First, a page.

• "Both of our cases showed that awareness of a possible Bartonella infection in the post-transplant setting followed by diagnosis and adequate treatment is associated with a good outcome. The clinical presentation for bartonellosis should be considered in patients with fever, malaise, lymphadenopathy, skin lesions, and an elevated alkaline phosphatase in the context of contact with a cat or kitten141516171819. In the early 90s, the gram-negative bacterium B. henselae was first shown to be a causative agent of BA, peliosis hepatis, and bacteremia. "
    [Show abstract] [Hide abstract] ABSTRACT: Bartonella henselae has not only been identified as the causative agent of cat scratch disease, but it is also associated with other significant infectious syndromes in the immunocompromised population. We describe two cases of B. henselae associated diseases in liver transplant recipients who both had contact with cats. The first recipient developed localized skin manifestation of bacillary angiomatosis in association with granulomatous hepatitis. He tested positive for Immunoglobulin G (IgG) antibodies against B. henselae. The second patient developed axillary lymphadenopathy, with biopsy showing necrotizing granulomatous inflammation and polymerase chain reaction studies were positive for B. henselae DNA. Her serology for bartonellosis showed a fourfold rise in antibody titers during her hospitalization. Both patients responded to treatment with Azithromycin in combination with Doxycycline. These were the only cases within a series of 467 consecutive liver transplants performed in 402 patients performed during a 4-year period. Although bartonellosis is a rare infection in liver transplantation recipients, it should always be included in the differential diagnosis of patients presenting with fever, central nervous system (CNS) symptoms, skin lesions, lymphadenopathy, and hepatitis especially if prior contact with cats is reported.
    Article · Sep 2006
    • "Histopathologically, cutaneous BA is characterized by a tumorlike growth pattern with proliferation of capillaries having protuberant epitheloid endothelial cells [127, 193]. In transplant patients, various clinical manifestations or pathological lesions have been reported, such as pulmonary nodules [34] or sternal abscess [32], disseminated infection with granulomatous hepatitis [112], acute organ rejection [66], bacillary peliosis [2] and bacillary angiomatosis [118] . A case of hemophagocytic syndrome in a transplant patient was recently associated with B. henselae infection [119]. "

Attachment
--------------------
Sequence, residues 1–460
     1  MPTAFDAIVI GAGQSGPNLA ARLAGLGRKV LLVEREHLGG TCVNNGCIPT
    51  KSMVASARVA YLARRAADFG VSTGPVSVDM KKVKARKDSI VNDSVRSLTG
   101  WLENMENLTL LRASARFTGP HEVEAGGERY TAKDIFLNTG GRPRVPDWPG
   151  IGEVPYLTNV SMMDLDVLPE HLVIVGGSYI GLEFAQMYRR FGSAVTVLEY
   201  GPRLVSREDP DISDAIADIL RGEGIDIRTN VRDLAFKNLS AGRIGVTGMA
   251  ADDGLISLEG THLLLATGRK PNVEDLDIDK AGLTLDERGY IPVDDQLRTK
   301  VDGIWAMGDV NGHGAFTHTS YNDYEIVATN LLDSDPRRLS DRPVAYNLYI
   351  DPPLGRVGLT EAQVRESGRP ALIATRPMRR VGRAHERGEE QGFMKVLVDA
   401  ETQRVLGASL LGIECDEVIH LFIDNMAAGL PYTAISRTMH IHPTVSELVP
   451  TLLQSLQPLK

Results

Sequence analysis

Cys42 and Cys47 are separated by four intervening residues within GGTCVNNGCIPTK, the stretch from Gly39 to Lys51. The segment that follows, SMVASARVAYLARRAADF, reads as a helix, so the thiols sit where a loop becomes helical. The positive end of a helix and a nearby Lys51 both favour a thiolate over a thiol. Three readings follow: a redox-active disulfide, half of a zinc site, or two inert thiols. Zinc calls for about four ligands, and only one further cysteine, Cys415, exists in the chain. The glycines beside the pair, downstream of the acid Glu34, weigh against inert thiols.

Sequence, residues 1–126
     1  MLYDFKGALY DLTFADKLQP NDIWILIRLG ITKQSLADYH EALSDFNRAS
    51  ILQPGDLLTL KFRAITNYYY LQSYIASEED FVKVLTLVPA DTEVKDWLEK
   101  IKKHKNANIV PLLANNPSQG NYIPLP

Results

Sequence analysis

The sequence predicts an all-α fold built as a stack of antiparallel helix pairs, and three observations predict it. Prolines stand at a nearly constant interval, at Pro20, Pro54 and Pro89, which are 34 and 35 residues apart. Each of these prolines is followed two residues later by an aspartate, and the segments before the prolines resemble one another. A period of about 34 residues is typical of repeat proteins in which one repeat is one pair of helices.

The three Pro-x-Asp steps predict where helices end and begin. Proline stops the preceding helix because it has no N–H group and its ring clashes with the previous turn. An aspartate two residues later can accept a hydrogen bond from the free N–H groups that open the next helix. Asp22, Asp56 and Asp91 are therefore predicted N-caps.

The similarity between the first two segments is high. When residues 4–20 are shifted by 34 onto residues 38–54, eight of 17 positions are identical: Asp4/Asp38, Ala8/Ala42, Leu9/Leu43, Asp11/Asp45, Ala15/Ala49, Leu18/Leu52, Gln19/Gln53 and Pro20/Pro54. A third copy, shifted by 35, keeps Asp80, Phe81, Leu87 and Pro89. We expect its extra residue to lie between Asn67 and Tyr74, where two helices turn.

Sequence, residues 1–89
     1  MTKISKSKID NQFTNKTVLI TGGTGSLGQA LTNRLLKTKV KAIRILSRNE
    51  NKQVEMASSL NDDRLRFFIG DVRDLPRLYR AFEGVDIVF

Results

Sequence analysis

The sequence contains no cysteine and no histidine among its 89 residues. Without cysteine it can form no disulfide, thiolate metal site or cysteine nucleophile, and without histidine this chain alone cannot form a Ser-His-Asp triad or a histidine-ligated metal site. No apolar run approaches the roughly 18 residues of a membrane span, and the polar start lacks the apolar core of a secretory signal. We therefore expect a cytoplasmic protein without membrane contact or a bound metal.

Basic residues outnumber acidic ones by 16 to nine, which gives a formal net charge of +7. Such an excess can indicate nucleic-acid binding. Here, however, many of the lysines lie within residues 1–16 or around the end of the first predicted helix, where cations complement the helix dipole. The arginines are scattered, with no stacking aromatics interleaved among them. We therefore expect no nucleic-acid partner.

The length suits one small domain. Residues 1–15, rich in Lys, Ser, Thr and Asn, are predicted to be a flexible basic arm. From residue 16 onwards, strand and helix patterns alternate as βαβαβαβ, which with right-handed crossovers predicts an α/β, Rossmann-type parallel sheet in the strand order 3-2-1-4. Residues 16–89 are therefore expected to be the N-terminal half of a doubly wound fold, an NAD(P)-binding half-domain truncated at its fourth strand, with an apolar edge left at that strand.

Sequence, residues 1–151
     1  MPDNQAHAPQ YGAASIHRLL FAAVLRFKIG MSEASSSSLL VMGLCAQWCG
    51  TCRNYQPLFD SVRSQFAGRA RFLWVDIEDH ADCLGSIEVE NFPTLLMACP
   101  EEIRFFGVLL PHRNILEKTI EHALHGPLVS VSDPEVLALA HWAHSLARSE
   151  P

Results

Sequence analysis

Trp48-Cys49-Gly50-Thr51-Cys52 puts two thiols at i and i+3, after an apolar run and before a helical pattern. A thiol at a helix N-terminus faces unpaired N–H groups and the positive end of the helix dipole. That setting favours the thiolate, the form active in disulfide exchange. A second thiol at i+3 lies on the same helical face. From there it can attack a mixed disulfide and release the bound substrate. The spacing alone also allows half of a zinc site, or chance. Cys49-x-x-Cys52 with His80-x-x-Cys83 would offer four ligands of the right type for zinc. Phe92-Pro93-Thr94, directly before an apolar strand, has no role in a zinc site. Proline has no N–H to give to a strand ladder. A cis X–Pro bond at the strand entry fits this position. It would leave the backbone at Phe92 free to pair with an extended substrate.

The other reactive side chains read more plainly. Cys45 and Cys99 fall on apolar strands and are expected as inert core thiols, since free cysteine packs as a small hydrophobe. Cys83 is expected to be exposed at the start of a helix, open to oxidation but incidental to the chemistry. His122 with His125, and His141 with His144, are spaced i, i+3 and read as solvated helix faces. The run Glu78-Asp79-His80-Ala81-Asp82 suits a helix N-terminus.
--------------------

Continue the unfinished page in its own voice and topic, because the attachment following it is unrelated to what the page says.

[Show abstract] [Hide abstract] ABSTRACT: Within the last 15 years, several bacteria of the genus Bartonella were recognized as zoonotic agents in humans and isolated from various mammalian reservoirs. Based on either isolation of the bacterium or PCR testing, eight Bartonella species or subspecies have been recognized as zoonotic agents, including B. henselae, B. elizabethae, B. grahamii, B. vinsonii subsp. arupensis, B. vinsonii subsp. berkhoffii, B. grahamii, B. washoensis and more recently B. koehlerae. The present manuscript reviews the factors associated with the emergence of these zoonotic pathogens, including better diagnostic tools and methods to identify these fastidious bacteria, host immunosuppression (caused by infectious agents, cancer, aging or induced by immunosuppressive drugs), the interaction of co-infection by several infectious agents that may enhanced the pathogenecity of these bacteria, increased outdoor activity leading to exposure to wildlife reservoirs or vectors, poverty and low income associated with infestation by various ectoparasites, such as body lice and finally the dispersal of Bartonellae around the world. Furthermore, a description of the main epidemiological and clinical features of zoonotic Bartonellae is given. Finally, the main means for diagnosis, treatment and prevention of these diseases are presented.
    Full-text · Article · May 2005